Healthcare Costs

It seems like every spring season there is a new healthcare amount announced by Fidelity Investments for people who are turning 65 during the year and this spring season is only slightly different from the last.

This difference lies in the total cost or the reduction of the overall cost of projected healthcare, which Market Watch, ABC, Kiplinger’s and even Nationwide is also heralding.

For those who are 65 years old today and entering into retirement today they are being told by Fidelity and the financial community to prepare for a total cost of $220,000 for their healthcare in retirement which, just happens to be a reduction from the previous year when Fidelity pegged the total cost at $240,000.

Being a financial professional who has been working on this specific niche for close to 6 years I am often asked if Fidelity is right about their number or not and what I will always say before rendering a conclusion is "that right or wrong at least Fidelity is bringing awareness to the subject”.

Believe it or not the cost of healthcare and planning for it has yet to be taken seriously by the financial industry in any circle, even with the government, the media and the public demanding information on a daily basis. So when a firm like Fidelity decides to throw its weight behind the topic it is hard to be critical…even when the number they use is really not close to the mark.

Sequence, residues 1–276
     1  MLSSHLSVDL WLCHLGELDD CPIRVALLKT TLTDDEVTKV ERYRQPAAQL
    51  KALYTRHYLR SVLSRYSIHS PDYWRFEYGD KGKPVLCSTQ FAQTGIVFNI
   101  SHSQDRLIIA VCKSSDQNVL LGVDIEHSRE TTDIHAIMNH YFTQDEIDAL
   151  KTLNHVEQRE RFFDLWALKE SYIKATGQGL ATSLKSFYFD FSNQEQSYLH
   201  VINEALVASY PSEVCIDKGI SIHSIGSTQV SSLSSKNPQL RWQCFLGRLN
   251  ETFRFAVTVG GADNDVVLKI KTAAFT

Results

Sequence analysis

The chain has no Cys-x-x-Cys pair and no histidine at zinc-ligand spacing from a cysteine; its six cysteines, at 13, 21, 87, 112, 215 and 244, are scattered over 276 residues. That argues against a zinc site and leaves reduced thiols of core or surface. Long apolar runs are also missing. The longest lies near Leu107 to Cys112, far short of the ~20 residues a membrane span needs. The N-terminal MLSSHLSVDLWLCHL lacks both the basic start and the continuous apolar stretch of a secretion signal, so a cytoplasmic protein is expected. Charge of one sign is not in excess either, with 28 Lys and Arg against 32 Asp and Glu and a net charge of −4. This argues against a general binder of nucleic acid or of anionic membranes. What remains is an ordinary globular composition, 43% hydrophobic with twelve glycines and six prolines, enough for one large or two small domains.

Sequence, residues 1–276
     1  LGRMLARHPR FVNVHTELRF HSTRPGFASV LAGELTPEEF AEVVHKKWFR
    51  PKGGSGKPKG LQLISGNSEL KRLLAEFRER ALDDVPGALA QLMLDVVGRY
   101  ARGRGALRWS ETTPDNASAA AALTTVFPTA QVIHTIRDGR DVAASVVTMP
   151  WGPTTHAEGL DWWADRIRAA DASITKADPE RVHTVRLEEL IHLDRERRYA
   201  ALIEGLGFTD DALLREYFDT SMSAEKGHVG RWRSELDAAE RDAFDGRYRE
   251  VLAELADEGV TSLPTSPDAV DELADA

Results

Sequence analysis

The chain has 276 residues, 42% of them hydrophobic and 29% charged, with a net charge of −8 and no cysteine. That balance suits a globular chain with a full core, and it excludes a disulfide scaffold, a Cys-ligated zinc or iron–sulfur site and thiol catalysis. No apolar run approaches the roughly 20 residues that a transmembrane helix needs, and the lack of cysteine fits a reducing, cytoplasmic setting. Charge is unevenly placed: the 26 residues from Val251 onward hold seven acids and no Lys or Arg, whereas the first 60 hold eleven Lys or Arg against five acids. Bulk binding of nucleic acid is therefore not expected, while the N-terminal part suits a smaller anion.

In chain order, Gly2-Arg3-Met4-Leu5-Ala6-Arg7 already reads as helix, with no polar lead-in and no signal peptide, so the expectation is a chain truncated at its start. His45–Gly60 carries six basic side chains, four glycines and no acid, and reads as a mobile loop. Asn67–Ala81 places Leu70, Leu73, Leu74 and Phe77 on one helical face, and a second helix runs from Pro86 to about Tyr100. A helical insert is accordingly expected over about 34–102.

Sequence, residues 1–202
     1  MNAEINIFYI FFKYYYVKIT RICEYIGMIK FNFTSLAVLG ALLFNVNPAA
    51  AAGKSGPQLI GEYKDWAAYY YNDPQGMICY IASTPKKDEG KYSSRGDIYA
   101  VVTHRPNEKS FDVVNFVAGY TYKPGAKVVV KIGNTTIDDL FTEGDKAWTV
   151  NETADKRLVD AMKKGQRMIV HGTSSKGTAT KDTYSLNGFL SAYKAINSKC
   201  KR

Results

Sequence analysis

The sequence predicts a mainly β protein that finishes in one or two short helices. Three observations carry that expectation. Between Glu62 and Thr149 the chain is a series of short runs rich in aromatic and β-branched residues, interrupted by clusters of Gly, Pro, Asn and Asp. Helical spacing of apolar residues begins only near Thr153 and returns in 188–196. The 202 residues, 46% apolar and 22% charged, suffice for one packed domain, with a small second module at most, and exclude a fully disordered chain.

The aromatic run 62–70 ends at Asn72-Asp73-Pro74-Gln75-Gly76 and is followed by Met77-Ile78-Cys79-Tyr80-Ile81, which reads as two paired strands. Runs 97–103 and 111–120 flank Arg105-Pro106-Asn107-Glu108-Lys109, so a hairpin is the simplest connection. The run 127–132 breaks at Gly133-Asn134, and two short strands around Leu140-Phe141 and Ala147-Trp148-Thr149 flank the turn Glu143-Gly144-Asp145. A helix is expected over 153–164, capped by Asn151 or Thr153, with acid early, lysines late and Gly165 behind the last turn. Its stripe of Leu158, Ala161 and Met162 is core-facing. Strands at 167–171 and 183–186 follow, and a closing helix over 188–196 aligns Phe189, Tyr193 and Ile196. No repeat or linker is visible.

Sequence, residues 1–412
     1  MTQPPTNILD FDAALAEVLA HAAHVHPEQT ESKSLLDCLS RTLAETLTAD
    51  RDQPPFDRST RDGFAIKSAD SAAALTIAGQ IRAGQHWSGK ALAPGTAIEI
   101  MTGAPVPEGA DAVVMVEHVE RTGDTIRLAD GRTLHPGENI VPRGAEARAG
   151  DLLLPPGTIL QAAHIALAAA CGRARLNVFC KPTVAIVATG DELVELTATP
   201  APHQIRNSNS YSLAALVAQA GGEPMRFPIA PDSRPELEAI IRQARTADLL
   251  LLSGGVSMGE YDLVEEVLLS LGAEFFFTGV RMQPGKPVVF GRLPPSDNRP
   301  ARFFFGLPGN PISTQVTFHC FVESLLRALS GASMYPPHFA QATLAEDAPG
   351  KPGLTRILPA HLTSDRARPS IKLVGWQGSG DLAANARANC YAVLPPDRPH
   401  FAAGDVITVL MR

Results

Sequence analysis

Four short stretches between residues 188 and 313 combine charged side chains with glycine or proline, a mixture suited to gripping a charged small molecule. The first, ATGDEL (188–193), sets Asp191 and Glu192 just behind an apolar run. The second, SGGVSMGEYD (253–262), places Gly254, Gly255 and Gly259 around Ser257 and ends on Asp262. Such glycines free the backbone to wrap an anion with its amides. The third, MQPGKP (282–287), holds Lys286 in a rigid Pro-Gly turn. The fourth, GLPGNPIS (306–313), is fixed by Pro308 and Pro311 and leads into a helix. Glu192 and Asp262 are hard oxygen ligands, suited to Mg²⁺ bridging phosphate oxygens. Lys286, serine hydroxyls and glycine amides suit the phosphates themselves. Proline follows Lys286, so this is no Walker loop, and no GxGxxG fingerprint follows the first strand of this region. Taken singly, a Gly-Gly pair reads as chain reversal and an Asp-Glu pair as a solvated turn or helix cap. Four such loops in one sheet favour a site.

And the reason I state that the number is not really close to the mark and could go out on a limb and state that it may not be in the best interest of people to plan around it is due to how Fidelity’s is calculating the number itself.

According to the disclaimer that Fidelity uses the $220,000 is derived by taking “into account cost-sharing provisions (such as deductibles and coinsurance) associated with Medicare Part A and Part B (inpatient and outpatient medical insurance). It also considers Medicare Part D (prescription drug coverage) premiums and out-of-pocket costs, as well as certain services excluded by Medicare. The estimate does not include other health-related expenses, such as over-the-counter medications, most dental services and long-term care” and this is for those “individuals (who) do not have employer-provided retiree health care coverage, but do qualify for the federal government’s insurance program, Medicare”.